|Toward a Science of Applied Animal Behavior Analysis: Experimental, Ethological, and Ethical Considerations
|Monday, May 29, 2023
|8:00 AM–8:50 AM
|Hyatt Regency, Centennial Ballroom D
|Area: AAB; Domain: Applied Research
|Chair: Nathaniel Hall (Texas Tech University)
|CE Instructor: Lindsay Renee Mehrkam, Ph.D.
|Presenting Author: LINDSAY RENEE MEHRKAM (Monmouth University)
|Abstract: Behavior analysis has a rich history of using animals to study learning and environment-behavior relations. Applying this knowledge to improve the welfare of animals used in teaching and research, however, is a relatively recent and exciting area of exploration for behavior analysts. This talk will review the history of how behavior analytic approaches have been successfully extended to applied animal settings and describe the framework for current and future directions for the field of applied animal behavior analysis. Using the concepts and principles experimental analysis in behavior as a starting point, we will move beyond the operant chamber to see how ethology can give insight as to how to maximize the generality of applied behavior analysis procedures across species, settings, and stimuli. This will include highlighting successful examples of single-subject designs for evaluating enrichment practices in zoo animals, evaluating preferences and reinforcer efficacy for food, toys, and social stimuli for a wide range of species, and the creation and evaluation of shaping plans and behavior contracts for cooperative care programs to help prepare for veterinary exams through our university-based animal behavior research clinic for community dogs and cats. We will even see how teaching goldfish to play soccer can be a humane way to use live animals to teach learning principles to students while also benefiting student learning and well-being outcomes as well. Finally, we will discuss ways in which adopting a behavior analytic approach can help animal researchers meet important animal welfare requirements, aid professionals in improving the integrity of their training and enrichment programs, and emphasize the ethical considerations to be aware of when delivering behavioral services to animals and their caregivers to promote positive human-animal interactions.
|Instruction Level: Basic
Academics, practitioners, animal trainers, dog owners, zookeepers, animal researchers
|Learning Objectives: At the conclusion of the presentation, participants will be able to: (1) Describe how single-subject designs can be applied to simultaneously teach classical and operant learning principles and promote animal welfare (2) Apply the seven dimensions of applied behavior analysis to animal settings (3) Recognize and address ethical considerations and situations when working in applied animal behavior settings in research and in practice.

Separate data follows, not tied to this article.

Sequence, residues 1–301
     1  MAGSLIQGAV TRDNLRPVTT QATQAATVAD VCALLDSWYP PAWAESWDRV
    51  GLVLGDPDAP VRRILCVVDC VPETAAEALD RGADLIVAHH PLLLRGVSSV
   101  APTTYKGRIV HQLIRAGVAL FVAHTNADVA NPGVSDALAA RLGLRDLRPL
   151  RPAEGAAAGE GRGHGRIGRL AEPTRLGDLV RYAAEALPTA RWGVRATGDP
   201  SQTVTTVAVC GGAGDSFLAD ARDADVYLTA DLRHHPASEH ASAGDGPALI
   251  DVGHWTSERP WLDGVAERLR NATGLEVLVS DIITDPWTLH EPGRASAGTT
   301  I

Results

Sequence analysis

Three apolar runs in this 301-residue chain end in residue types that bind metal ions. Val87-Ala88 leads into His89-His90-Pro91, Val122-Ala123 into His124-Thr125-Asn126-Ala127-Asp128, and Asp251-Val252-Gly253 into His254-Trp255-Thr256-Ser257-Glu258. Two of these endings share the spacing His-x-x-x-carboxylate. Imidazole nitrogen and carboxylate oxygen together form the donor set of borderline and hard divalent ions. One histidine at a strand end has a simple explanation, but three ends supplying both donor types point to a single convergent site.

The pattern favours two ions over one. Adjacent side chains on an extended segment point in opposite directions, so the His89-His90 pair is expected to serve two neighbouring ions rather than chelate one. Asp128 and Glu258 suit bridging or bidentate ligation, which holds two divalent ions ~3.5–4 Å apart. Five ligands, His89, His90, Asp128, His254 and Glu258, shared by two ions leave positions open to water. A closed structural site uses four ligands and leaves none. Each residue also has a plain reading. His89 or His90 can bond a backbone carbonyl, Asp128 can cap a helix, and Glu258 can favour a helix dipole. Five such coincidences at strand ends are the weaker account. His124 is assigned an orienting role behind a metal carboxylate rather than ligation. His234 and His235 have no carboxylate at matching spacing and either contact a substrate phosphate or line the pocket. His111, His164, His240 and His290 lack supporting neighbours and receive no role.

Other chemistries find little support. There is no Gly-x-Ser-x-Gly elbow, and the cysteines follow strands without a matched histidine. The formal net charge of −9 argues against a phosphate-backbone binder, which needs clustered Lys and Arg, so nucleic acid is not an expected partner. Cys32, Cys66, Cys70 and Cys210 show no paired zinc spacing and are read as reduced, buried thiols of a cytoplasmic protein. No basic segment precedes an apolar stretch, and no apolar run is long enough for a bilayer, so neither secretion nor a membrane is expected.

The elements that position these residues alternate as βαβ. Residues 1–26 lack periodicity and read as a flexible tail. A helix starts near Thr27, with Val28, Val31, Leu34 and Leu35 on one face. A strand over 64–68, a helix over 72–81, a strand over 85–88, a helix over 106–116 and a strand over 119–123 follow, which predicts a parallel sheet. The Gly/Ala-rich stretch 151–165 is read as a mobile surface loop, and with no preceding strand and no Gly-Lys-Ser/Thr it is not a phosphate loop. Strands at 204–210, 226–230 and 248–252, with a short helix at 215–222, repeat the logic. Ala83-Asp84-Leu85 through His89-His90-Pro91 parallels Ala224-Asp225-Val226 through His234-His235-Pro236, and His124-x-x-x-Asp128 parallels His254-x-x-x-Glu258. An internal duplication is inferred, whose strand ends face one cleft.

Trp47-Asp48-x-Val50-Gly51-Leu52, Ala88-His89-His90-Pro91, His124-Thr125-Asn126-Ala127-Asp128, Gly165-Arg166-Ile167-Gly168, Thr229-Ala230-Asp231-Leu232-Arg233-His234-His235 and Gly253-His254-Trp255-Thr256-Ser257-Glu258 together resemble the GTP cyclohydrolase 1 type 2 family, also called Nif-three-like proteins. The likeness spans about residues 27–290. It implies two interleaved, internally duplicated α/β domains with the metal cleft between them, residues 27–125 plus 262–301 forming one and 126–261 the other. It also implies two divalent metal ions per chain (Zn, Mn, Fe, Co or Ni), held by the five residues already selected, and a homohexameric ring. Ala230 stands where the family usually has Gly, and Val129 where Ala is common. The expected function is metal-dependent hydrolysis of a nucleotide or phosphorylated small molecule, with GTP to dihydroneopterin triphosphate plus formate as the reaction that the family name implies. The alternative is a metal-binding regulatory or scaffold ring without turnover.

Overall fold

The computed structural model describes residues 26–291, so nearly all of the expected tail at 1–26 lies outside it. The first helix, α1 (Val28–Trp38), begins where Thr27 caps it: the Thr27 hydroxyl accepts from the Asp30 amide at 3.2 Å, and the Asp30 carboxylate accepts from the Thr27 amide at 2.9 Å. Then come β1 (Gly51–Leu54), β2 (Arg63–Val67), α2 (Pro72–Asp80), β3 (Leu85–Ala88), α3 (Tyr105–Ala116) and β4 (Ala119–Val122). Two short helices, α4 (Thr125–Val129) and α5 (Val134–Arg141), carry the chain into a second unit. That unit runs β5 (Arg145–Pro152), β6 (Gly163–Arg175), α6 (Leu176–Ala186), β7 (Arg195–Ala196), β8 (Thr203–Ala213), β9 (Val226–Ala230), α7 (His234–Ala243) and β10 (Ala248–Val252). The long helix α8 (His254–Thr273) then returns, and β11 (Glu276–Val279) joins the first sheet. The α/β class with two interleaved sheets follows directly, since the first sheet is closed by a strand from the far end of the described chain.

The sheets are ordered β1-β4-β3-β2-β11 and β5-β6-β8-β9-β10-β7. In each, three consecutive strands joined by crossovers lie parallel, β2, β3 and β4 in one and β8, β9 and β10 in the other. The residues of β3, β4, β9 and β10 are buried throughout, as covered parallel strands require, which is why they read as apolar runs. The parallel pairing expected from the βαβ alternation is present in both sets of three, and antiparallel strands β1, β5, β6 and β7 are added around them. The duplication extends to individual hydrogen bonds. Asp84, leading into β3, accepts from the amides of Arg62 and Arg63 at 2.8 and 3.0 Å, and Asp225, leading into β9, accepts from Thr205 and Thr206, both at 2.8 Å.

|LINDSAY RENEE MEHRKAM (Monmouth University)
|Lindsay R. Mehrkam, Ph.D. is an associate professor of psychology and Principal Investigator of the Human & Animal Wellness Collaboratory (HAWC) at Monmouth University. As an animal welfare scientist and doctoral-level board-certified behavior analyst, her research focuses on the benefits of human-animal interaction with the aim of improving the welfare of both animals and people in society. Specifically, Dr. Mehrkam’s research examines how environmental factors influence play, aggression, and stereotypic behavior in companion and exotic animals, how to promote behavioral choices and welfare of captive animals, and how to best conduct formal evaluations of training and enrichment practices in a variety of animal settings and species (from goldfish to Galapagos tortoises). In her role as Chair of MU’s Institutional Animal Care and Use Committee, she uses behavior analytic approaches to and promote the humane use of animals in teaching and research and conducts evaluations of animal-assisted teaching interventions. Dr. Mehrkam is currently a faculty fellow with the Monmouth University Polling Institute, which focuses on developing nationwide assessments on pet owners’ behavioral services and data visualization in collaboration with the Applied Animal Behavior Research Clinic, a community-based clinic for pet dogs, cats, and their owners. Her teaching and research programs in applied animal behavior have led to publications, national and international conference presentations, seminars, and workshops as well as internships and service learning opportunities in animal shelters, zoos, aquariums, wildlife parks, and animal sanctuaries. She has been recognized through popular media outlets, grants, and scholarly and industry awards, including the Association for Professional Dog Trainers, Maddie’s Fund, and the Animal Behavior Society. Finally, Dr. Mehrkam serves as the president of the Association for Behavior Analysis International’s Applied Animal Behavior Special Interest Group for the Association for Behavior Analysis International (ABAI), which promotes applied animal behavior analytic research, set high standards in methods and techniques of animal training and enrichment, and promote the well-being of animals in society.